systemctl stop backuppc.service
    mkdir -p /tmp/backuppc-symlinks-cache
    touch /tmp/backuppc-symlinks-cache/was-running

for dir in /var/lib/backuppc/{cpool,pc,pool,}; do
    if [ -L $dir ]; then
        mkdir -p /tmp/backuppc-symlinks-cache
        mv $dir /tmp/backuppc-symlinks-cache

Apache configuration

BackupPC has a web interface that allows you to easily control it. You can access it using Apache and mod_perl or a C wrapper but other webservers like lighttpd works too. Install apache from the official repositories.

Edit Apache configuration

BackupPC's web UI needs to run as the user backuppc, but Apache normally runs under the user http. There are several ways to fix this. The two demonstrated here are common for single-purpose servers (Apache is only used to serve the BackupPC UI) or for multi-purpose servers (Apache may also server other websites under the regular http user).

Setting up Apache for single-purpose use is a bit easier but not as flexible.

General settings

Edit /etc/backuppc/ Set administrator name:

$Conf{CgiAdminUsers} = 'admin'; 

Next, we need to add a users file and set the admin password:

# htpasswd -c /etc/backuppc/backuppc.users admin

The BackupPC-Webfrontend is initially configured so that you can only access it from the localhost. If you want to access it from all machines in your network, you have to edit /etc/httpd/conf/extra/backuppc.conf. Edit the line:

Require ip


Require ip 192.168.0

where you have to replace 192.168.0 to your corresponding IP-Adresses you want to gain access from. After one of the configuration steps below has also been performed, [re]start the Apache service.

Single-purpose Apache settings

Install mod_perlAUR from the official repositories.

Edit the Apache configuration file to load mod_perl, tell Apache to run as user backuppc and to include /etc/httpd/conf/extra/backuppc.conf:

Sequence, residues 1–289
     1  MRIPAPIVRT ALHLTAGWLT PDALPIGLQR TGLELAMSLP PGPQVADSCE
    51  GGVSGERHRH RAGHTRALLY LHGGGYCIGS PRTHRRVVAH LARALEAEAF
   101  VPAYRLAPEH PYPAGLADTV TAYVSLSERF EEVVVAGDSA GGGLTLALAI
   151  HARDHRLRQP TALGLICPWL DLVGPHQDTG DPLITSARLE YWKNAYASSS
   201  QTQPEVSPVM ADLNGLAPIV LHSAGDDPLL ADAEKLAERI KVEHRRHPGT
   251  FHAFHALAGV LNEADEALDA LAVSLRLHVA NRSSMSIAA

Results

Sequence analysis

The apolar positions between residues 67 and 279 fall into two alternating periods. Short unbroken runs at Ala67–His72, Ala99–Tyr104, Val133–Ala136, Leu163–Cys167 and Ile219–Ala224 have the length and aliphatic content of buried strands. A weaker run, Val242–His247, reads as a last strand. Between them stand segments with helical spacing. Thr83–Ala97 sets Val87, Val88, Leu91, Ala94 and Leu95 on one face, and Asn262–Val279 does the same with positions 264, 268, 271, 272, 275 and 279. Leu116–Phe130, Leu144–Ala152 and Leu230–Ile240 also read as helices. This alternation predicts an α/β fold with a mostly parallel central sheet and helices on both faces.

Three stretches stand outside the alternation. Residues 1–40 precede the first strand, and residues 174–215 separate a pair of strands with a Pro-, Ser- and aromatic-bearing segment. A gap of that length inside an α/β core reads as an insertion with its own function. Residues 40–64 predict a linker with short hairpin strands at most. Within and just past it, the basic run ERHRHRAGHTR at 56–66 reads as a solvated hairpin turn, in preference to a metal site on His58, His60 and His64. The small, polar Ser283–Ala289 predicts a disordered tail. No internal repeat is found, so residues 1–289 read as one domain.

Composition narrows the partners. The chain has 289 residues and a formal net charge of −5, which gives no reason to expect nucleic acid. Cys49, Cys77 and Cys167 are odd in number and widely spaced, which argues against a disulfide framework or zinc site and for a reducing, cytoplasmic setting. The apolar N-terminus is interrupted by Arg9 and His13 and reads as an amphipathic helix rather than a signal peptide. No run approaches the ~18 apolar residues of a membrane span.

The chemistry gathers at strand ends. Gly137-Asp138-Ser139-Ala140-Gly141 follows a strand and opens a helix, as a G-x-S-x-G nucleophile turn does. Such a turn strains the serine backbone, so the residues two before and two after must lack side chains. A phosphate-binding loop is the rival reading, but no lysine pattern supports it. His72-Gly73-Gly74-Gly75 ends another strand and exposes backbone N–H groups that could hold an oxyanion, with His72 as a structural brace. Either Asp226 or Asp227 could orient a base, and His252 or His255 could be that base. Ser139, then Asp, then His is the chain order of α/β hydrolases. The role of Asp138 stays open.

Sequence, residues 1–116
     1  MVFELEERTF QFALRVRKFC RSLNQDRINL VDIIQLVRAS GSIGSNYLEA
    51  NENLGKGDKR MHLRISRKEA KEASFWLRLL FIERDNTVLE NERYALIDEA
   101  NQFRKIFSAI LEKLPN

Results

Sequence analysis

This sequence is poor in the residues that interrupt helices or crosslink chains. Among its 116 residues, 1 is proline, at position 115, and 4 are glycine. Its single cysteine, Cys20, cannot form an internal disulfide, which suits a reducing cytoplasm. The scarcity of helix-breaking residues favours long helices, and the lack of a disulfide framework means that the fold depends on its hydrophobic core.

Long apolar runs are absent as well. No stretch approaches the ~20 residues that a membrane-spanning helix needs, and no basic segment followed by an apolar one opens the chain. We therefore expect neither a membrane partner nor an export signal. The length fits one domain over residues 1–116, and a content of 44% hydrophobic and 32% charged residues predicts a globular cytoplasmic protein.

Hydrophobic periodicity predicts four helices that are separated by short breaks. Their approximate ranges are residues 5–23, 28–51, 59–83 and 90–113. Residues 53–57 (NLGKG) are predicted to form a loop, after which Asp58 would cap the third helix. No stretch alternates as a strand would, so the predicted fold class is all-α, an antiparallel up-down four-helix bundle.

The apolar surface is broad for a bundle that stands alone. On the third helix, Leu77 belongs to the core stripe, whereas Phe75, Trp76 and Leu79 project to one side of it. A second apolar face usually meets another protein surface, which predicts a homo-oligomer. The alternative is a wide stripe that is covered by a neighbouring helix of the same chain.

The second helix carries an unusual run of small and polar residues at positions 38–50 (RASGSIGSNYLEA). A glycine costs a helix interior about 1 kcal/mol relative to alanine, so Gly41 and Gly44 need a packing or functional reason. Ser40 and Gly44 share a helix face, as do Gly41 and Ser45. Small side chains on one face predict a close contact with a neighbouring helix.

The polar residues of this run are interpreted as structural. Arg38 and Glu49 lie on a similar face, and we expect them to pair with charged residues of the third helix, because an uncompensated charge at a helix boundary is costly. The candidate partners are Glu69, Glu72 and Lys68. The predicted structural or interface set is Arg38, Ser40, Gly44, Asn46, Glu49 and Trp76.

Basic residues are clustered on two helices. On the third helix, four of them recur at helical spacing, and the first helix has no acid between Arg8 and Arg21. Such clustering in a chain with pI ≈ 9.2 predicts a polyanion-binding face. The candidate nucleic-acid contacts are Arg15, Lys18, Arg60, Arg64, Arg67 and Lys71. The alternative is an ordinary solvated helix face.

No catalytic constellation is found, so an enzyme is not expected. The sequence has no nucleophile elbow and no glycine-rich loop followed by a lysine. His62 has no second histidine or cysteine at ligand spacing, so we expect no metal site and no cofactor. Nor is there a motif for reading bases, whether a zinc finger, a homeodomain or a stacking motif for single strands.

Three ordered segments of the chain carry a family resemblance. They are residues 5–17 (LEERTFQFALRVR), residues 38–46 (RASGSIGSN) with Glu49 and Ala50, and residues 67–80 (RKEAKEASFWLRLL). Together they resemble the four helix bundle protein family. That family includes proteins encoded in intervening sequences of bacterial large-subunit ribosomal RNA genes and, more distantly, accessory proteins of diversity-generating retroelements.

LoadModule perl_module modules/
 User backuppc
 Group backuppc
 Include conf/extra/backuppc.conf

Multi-purpose Apache settings

Instead of globally changing the Apache user and group like in the example above, we will instead make Apache run just the BackupPC CGI script as the backuppc user and leave the default user alone. This method uses mod_cgi to call a wrapper written in C instead of using the extra mod_perl dependency. You still need to have perl itself installed so the wrapper can run the BackupPC scripts.

Make sure Apache can run CGI programs (the line loading mod_cgi is not commented) and that it reads the BackupPC configuration by including it in /etc/httpd/conf/extra/backuppc.conf:

 LoadModule cgi_module modules/
 Include conf/extra/backuppc.conf
The webserver user and the suid problem

The current setup of BackupPC, the webserver needs to run as backuppc user and this can be a problem on many setups where the webserver is used for other sites. In the past one could suid a Perl script, but it was blocked globally due security problems several years ago. To workaround that, perl-suid was used, but again blocked due the same problem more recently, scripts cannot be run securely with suid bit. Still there is another way, this time using a simple binary program that is suid as a launcher, that will run the backuppc Perl scripts already with the correct user. This isolates the Perl script from the environment and it is considered safe.

You need to replace the original backuppc CGI with the below C code compiled program and move the backuppc CGI to another place.

Move the real CGI /usr/share/backuppc/cgi-bin/BackupPC_Admin to the lib directory /usr/share/backuppc/lib/real-BackupPC_Admin.cgi.

Save the C code below to a file named wrapper.c (please update the CGI path if needed) and compile it with:

$ gcc -o BackupPC_Admin wrapper.c

The wrapper C code:

#include <unistd.h>
#define REAL_PATH "/usr/share/backuppc/lib/real-BackupPC_Admin.cgi"
int main(ac, av)